MGMT promoter methylation is predictive of response to radiotherapy and prognostic in the absence of adjuvant alkylating chemotherapy for glioblastoma.
ABSTRACT Hypermethylation of the O(6)-methylguanine-DNA-methyltransferase (MGMT) gene has been shown to be associated with improved outcome in glioblastoma (GBM) and may be a predictive marker of sensitivity to alkylating agents. However, the predictive utility of this marker has not been rigorously tested with regard to sensitivity to other therapies, namely radiation. To address this issue, we assessed MGMT methylation status in a cohort of patients with GBM who underwent radiation treatment but did not receive chemotherapy as a component of adjuvant treatment. Formalin-fixed, paraffin-embedded tumor samples from 225 patients with newly diagnosed GBM were analyzed via methylation-specific, quantitative real-time polymerase chain reaction following bisulfite treatment on isolated DNA to assess MGMT promoter methylation status. In patients who received radiotherapy alone following resection, methylation of the MGMT promoter correlated with an improved response to radiotherapy. Unmethylated tumors were twice as likely to progress during radiation treatment. The median time interval between resection and tumor progression of unmethylated tumors was also nearly half that of methylated tumors. Promoter methylation was also found to confer improved overall survival in patients who did not receive adjuvant alkylating chemotherapy. Multivariable analysis demonstrated that methylation status was independent of age, Karnofsky performance score, and extent of resection as a predictor of time to progression and overall survival. Our data suggest that MGMT promoter methylation appears to be a predictive biomarker of radiation response. Since this biomarker has also been shown to predict response to alkylating agents, perhaps MGMT promoter methylation represents a general, favorable prognostic factor in GBM.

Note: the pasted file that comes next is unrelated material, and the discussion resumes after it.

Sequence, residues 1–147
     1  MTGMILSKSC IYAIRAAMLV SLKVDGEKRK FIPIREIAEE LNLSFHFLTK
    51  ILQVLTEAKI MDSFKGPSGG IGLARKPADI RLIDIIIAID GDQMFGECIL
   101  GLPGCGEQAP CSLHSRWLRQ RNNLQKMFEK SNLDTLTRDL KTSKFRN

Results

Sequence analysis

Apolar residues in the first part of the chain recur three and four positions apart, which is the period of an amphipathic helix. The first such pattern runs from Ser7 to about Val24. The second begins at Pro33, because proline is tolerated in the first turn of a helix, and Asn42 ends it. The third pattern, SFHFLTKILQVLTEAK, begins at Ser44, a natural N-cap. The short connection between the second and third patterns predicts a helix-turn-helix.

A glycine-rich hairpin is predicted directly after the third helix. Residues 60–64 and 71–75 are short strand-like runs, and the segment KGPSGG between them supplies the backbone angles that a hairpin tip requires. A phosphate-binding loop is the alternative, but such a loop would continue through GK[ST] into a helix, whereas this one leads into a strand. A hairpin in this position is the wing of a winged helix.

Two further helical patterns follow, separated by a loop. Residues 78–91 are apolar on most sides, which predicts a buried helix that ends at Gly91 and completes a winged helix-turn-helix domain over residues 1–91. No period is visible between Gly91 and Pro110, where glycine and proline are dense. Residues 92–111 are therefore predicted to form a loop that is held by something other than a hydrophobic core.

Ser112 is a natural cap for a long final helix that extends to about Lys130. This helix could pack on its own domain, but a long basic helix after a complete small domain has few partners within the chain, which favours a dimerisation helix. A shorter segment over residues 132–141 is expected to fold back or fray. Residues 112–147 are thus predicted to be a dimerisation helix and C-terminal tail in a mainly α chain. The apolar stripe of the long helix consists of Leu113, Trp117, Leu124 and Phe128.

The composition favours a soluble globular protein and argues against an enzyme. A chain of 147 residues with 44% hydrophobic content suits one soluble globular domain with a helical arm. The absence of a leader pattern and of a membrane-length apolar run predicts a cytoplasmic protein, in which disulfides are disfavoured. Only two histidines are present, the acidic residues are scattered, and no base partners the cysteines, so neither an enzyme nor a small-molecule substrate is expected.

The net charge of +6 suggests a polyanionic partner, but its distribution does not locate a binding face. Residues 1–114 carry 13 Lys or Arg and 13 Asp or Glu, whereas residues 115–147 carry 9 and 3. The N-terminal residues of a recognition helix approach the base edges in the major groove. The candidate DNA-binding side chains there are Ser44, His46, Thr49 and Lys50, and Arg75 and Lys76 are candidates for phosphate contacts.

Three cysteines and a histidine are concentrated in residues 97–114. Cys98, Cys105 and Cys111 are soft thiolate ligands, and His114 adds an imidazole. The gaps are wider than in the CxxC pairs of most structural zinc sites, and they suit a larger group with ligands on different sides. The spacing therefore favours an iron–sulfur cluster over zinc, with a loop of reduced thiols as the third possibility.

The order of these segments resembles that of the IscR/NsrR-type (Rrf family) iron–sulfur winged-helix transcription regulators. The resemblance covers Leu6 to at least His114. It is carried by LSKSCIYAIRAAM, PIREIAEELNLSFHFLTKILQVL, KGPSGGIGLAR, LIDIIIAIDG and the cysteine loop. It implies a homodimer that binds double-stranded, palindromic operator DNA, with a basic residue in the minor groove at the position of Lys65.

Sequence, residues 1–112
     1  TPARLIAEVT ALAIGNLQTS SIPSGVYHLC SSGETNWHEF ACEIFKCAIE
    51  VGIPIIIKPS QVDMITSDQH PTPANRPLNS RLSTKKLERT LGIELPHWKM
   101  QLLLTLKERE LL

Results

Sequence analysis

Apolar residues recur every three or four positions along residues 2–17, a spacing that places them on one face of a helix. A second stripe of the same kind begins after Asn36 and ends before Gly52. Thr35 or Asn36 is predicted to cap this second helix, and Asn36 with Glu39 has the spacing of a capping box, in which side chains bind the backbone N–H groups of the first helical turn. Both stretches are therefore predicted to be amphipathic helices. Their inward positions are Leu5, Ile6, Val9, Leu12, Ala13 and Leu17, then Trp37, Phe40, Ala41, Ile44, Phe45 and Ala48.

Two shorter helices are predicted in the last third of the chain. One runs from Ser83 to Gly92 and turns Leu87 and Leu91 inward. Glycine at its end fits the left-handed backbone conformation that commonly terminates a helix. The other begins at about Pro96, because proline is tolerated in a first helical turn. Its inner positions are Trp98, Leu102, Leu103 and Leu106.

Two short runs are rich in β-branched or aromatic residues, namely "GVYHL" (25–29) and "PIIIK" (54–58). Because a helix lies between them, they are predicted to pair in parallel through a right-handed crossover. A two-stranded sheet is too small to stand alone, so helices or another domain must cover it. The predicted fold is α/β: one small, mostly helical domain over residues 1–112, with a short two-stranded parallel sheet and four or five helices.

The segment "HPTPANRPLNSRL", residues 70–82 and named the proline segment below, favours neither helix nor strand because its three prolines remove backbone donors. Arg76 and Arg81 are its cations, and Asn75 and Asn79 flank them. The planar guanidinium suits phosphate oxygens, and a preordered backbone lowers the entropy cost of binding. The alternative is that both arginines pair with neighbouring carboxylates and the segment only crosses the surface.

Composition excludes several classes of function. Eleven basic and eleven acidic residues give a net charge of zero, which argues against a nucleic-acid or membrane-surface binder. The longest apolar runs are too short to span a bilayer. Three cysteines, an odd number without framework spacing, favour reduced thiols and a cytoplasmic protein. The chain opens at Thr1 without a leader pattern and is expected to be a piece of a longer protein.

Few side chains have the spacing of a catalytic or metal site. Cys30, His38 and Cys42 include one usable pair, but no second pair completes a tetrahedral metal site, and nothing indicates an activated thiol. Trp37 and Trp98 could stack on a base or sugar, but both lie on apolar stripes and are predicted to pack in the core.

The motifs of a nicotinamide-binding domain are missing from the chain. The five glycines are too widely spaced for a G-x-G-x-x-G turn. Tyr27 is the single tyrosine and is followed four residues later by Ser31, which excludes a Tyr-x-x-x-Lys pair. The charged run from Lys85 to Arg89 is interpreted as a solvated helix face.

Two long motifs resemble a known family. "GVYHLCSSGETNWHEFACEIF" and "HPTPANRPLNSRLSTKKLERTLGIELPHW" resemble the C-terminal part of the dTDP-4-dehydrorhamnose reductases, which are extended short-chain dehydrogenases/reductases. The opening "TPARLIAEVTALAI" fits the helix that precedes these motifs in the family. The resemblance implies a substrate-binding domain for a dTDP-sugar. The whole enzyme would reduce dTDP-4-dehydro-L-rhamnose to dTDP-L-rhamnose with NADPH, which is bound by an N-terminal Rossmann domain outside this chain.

[show abstract] [hide abstract]
ABSTRACT: The determine the value of radiographically assessed response to radiation therapy as a predictor of survival in patients with glioblastoma multiforme (GBM), the authors studied a cohort of 301 patients who were initially treated according to uniform clinical protocols. All patients had newly diagnosed supratentorial GBM and underwent the maximum safe resection followed by external- beam radiation treatment (60 Gy in standard daily fractions or 70.4 Gy in twice-daily fractions of 160 cGy). The radiation response and survival rates were assessable in 222 patients. The extent of resection and the immediate response to radiation therapy were highly correlated with survival, both in a univariate analysis and after correction for age and Karnofsky performance scale (KPS) score in a multivariate Cox model (p< 0.001 for radiation response and p=0.04 for extent of resection). A subgroup analysis suggested that neuroimaging obtained within 3 days after surgery served as a better baseline for assessment of radiation response than images obtained later. Imaging obtained within 3 days after completion of a course of radiation therapy also provided valid radiation response scores. The impact of the radiographically assessed radiation response on survival time was comparable to that of age or KPS score. This information is easily obtained early in the course of the disease, may be of value for individual patients, and may also have implications for the design and analysis of trials of adjuvant therapy for GBM, including volume-dependent therapies such as radiosurgery or brachytherapy.Journal of Neurosurgery 03/1996; 84(3):442-8. · 2.96 Impact Factor